-How has your community and/or farmers’ association worked together to overcome these challenges?

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August 25, 2008: Apply for environmental training course for journalists

Journalists from Kenya, Tanzania, and the Seychelles are invited to apply for a training course on environmental issues to be held in Zanzibar, Tanzania, from November 3-14, 2008, and April 27-May 1, 2009. The course is offered by the Institute for Further Education of Journalists (Fojo) of Sweden, in cooperation with the Western Indian Ocean Marine Science Association. It will include methods of reporting and planning, accessing and analyzing scientific information, and how to make information interesting to audiences. Participants will have an opportunity to talk to scientists and experts about the region’s environmental and coastal challenges.

Selected participants will receive financial support to cover travel and accommodation expenses. Participants must attend both parts of the course, in November 2008 and April-May 2009. Journalists interested in participating should e-mail Ingemo Johannson of Fojo at: ingemo.johansson@hik.se. The application deadline is August 25, 2008. Fojo’s website can be found at: http://fojointernational.fo.hik.se/index.php/fojo_international/fojo.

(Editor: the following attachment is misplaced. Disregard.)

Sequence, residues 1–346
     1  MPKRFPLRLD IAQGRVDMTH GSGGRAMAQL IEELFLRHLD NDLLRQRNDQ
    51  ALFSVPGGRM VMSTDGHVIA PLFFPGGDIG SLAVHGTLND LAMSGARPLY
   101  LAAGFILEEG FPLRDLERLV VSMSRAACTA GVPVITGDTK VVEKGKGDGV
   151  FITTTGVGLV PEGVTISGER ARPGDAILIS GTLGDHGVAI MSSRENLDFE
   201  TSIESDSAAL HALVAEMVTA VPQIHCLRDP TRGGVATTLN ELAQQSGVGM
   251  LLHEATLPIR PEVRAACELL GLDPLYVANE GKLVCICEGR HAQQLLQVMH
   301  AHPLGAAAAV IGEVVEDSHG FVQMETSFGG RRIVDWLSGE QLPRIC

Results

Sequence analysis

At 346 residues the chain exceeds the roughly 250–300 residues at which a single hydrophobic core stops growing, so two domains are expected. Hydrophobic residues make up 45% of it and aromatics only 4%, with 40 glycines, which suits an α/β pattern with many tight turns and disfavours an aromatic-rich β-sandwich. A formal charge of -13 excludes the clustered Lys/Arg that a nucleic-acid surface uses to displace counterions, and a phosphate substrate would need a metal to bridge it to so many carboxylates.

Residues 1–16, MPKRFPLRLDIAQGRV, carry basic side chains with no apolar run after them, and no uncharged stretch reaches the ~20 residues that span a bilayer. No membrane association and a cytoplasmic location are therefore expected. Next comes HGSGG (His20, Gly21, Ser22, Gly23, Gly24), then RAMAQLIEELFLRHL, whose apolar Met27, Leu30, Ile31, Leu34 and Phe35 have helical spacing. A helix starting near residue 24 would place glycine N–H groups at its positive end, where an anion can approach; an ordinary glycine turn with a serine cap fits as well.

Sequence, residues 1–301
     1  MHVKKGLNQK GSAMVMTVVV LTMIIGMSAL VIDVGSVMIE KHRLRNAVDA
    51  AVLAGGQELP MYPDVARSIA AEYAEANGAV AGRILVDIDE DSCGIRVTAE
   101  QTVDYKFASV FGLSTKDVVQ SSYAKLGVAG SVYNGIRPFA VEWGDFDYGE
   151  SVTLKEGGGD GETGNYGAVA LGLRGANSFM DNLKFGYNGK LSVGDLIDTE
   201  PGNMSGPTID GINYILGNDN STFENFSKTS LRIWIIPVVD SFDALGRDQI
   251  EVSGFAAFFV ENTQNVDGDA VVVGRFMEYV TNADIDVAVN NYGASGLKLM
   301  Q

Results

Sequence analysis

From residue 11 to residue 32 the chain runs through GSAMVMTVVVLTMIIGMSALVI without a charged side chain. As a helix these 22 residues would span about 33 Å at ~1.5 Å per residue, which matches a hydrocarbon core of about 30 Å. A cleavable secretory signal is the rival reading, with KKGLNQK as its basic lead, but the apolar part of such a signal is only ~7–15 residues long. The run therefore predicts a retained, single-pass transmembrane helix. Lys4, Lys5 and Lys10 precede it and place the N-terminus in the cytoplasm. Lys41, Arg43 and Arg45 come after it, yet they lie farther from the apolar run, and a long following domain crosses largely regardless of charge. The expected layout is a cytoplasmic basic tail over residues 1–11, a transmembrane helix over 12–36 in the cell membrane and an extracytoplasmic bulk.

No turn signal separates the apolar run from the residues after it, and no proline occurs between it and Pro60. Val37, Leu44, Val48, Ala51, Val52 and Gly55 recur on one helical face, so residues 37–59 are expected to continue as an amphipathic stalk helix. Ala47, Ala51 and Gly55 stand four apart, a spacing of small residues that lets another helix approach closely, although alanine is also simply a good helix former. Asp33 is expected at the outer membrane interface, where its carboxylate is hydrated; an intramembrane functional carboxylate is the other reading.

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Pambazuka News focuses on “The food crisis and the destruction of African agriculture”

Pambazuka News describes itself as “the authoritative electronic weekly newsletter and platform for social justice in Africa.” It provides commentary and analysis on politics and current affairs, development, human rights, refugees, gender issues, and culture in Africa. The current issue (Issue 392) focuses on African agriculture. Features include an analytical opinion piece on the World Trade Organization’s role in the current food crisis, a collection of first-hand accounts of how the food crisis is affecting people around the world, and a call for an African strategy for coping with the crisis. Pambazuka News Issue 392 can be viewed online, here: http://www.pambazuka.org/en/issue/392.